In addition to dietary changes, if your haemorrhoids flare up, you can sit in a warm salt bath to soothe the area and reduce the swelling.
There are other treatments if the simple procedures above do not relieve your pain. Injections, banding , cauterisation and surgery are available. You may wish to discuss these other options with your doctor.
The following treatments are available to treat the discomfort of haemorrhoids. If symptoms persist, contact your doctor.
Herbal Therapies – Applied twice daily, pilewort (Ranunculus ficaria) ointment can reduce the pain of external haemorrhoids. Also try psyllium husks to decreas itchiness and bleeding. Applied twice daily, pilewort (Ranunculus ficaria) ointment can reduce the pain of external haemorrhoids. Also try psyllium husks to decreas itchiness and bleeding.
Homoeopathy – More than a dozen remedies can help hemorrhoid pain. Choosing the right one requires Professional help. More than a dozen remedies can help hemorrhoid pain. Choosing the right one requires Professional help.
Massage – Speak to a fully qualified massage practitioner who may use techniques to help with constipation and relief of your problem. Speak to a fully qualified massage practitioner who may use techniques to help with constipation and relief of your problem.
Aromatherapy – This blend will help reduce the pain and pressure – 3 drops of cypress, 2 drops ofsandalwood essential oils in 5 teaspoons of calendula base carrier oil. Apply the mixture to the affected area twice a day. This blend will help reduce the pain and pressure – 3 drops of cypress, 2 drops ofsandalwood essential oils in 5 teaspoons of calendula base carrier oil. Apply the mixture to the affected area twice a day.
Staying on a high-fibre diet may help haemorrhoids almost immediately. Eat as few refined foods as possible. Drink plenty of filtered water each day as well. Also reduce your salt intake. Researchers that certain supplements may also help such as – B complex, C, E, Mineral complex, Calcium, fluoride, lecithin, pollen, Rutin and Bioflavonoids.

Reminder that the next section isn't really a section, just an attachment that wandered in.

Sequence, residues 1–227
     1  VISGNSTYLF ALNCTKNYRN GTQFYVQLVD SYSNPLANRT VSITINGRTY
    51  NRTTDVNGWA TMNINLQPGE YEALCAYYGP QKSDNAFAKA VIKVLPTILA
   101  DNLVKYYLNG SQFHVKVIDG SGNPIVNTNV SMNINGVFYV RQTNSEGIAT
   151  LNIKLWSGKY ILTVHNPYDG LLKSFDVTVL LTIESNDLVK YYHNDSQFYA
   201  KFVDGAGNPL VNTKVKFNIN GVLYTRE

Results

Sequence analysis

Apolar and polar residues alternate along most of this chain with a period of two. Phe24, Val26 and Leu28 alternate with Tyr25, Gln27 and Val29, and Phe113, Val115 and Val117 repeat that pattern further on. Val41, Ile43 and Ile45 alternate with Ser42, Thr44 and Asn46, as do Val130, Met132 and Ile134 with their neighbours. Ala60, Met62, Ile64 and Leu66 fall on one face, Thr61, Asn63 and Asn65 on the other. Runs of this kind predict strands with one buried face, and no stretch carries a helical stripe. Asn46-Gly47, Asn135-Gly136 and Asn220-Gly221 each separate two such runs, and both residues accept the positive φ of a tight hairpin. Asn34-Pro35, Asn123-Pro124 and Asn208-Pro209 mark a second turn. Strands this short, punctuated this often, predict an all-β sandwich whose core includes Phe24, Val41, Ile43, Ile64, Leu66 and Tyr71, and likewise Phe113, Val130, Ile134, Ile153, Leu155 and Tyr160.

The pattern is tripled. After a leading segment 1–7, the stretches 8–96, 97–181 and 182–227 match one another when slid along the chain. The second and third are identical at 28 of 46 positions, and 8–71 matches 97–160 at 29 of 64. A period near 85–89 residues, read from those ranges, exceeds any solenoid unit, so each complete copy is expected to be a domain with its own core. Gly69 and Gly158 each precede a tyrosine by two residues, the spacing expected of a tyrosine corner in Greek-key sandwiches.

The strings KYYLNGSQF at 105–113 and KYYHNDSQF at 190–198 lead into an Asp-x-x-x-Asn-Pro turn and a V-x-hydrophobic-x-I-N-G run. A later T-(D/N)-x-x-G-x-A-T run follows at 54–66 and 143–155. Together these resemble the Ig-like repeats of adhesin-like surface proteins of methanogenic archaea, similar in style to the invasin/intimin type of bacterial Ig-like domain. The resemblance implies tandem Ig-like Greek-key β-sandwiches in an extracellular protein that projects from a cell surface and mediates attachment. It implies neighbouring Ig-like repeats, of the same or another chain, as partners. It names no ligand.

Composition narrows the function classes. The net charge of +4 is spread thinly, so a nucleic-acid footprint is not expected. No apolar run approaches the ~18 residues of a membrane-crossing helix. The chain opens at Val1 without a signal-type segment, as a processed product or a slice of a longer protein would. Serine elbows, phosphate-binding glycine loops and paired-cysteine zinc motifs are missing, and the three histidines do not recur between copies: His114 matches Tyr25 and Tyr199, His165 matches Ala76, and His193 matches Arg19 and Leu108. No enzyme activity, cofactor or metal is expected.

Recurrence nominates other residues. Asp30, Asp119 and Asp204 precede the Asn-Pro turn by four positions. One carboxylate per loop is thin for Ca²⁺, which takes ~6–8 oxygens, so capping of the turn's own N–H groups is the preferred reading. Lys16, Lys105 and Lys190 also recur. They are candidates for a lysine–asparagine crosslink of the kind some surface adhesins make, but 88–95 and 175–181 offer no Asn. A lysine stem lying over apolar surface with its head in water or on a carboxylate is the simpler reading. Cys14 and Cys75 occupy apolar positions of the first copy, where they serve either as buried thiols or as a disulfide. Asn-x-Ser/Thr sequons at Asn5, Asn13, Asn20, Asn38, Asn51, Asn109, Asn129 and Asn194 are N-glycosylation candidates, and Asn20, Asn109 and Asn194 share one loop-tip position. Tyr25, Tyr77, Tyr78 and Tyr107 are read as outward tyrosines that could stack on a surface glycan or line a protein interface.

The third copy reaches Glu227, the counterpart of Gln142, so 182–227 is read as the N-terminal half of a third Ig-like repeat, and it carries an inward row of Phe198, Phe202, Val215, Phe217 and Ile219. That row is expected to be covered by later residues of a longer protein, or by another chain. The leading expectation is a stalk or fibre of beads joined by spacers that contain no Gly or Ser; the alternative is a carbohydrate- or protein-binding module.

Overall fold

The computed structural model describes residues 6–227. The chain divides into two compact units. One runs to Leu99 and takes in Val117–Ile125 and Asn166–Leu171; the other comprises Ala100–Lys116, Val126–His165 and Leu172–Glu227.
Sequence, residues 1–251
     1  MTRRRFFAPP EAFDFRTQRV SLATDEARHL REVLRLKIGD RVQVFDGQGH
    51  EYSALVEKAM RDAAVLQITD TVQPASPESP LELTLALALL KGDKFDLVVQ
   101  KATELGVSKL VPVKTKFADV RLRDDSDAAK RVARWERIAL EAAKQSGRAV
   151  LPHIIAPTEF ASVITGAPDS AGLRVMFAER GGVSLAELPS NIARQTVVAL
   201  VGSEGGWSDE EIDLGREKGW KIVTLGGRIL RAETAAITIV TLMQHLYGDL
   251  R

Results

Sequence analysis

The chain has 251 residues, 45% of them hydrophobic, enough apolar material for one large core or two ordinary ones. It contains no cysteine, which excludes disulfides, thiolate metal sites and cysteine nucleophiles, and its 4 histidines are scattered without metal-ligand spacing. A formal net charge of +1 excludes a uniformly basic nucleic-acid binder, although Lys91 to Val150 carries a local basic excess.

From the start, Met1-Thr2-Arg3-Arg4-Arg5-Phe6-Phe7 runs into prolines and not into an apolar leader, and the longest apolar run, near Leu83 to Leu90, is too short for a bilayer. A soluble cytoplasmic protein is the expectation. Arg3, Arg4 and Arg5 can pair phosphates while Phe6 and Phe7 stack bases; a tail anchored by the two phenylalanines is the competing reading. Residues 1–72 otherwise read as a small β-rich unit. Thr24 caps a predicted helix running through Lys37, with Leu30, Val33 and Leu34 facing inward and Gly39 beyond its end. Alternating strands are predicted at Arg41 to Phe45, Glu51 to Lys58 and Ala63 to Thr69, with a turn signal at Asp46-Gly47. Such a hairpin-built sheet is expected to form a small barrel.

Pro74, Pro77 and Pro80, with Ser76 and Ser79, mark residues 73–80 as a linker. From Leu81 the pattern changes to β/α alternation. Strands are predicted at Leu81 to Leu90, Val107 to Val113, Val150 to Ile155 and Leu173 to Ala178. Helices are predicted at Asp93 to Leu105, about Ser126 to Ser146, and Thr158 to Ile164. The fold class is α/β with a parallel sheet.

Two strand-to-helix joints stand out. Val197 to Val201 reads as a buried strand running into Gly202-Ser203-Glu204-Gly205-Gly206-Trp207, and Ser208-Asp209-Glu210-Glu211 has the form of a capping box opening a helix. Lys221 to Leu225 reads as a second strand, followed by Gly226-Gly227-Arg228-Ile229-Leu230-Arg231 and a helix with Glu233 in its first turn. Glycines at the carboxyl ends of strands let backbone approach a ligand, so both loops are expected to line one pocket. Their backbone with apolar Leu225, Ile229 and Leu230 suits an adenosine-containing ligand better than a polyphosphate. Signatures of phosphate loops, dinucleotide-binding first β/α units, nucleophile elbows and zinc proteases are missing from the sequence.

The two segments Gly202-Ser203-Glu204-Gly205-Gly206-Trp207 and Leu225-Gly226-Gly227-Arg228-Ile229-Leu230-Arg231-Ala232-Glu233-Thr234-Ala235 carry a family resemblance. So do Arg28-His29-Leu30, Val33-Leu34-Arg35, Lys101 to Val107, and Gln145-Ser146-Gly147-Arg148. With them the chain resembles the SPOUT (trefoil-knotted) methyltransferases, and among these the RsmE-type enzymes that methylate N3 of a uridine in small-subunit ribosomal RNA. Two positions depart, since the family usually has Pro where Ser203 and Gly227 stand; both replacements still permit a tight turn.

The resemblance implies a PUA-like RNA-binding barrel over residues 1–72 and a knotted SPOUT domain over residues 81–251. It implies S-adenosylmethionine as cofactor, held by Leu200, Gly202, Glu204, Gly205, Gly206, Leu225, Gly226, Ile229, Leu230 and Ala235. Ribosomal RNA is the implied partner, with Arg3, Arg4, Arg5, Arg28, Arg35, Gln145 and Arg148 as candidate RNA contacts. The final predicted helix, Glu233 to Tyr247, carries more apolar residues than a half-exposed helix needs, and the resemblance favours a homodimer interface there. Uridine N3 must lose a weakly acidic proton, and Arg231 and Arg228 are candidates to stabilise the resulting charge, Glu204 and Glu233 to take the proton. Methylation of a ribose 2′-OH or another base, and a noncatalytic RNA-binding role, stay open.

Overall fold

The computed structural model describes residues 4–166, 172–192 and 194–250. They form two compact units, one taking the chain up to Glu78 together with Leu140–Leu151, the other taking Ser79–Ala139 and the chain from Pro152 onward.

- Try not to sit for hours at a time – be sure to take breaks.
- Insert petroleum jelly just inside the anus to make bowel movements less painful.
- The application of witch hazel, on irritated haemorrhoids to reduce pain and itching.
- Do not scratch haemorrhoids
- See your doctor about which pain killers you are able to have with this condition
- Bathe regularly to keep the anal area clean
- Keep breathing while performing tasks which require exertion.
- Learn to lift properly – breath constantly and lift with your legs, not your back and stomach
- Eat plenty of fresh fruit and vegetables
- Get plenty exercise
A high fibre diet and plenty of the essentials such as filtered water, exercise, fruit and vegetables will do the trick.
When to seek further professional advice
- you bleed from the anus for the first time
- if the bleeding is persistent and becomes more severe
- if your normal bowel movement changes for more than 2 weeks.
- if there is persistent pain in the anal region
- if the blood from this area is dark.